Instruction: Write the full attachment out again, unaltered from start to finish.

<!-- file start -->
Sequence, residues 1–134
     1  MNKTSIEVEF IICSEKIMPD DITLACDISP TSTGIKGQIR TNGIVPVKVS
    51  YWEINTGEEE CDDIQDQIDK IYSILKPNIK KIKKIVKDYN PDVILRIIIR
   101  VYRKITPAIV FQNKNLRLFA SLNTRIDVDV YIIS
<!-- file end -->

Sequence, residues 1–134
     1  MNKTSIEVEF IICSEKIMPD DITLACDISP TSTGIKGQIR TNGIVPVKVS
    51  YWEINTGEEE CDDIQDQIDK IYSILKPNIK KIKKIVKDYN PDVILRIIIR
   101  VYRKITPAIV FQNKNLRLFA SLNTRIDVDV YIIS